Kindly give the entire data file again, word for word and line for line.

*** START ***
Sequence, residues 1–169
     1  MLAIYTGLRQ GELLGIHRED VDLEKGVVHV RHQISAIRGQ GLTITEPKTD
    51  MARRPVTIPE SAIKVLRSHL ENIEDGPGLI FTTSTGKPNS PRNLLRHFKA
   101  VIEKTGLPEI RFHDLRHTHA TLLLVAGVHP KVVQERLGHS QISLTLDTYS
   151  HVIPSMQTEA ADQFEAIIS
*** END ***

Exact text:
Sequence, residues 1–169
     1  MLAIYTGLRQ GELLGIHRED VDLEKGVVHV RHQISAIRGQ GLTITEPKTD
    51  MARRPVTIPE SAIKVLRSHL ENIEDGPGLI FTTSTGKPNS PRNLLRHFKA
   101  VIEKTGLPEI RFHDLRHTHA TLLLVAGVHP KVVQERLGHS QISLTLDTYS
   151  HVIPSMQTEA ADQFEAIIS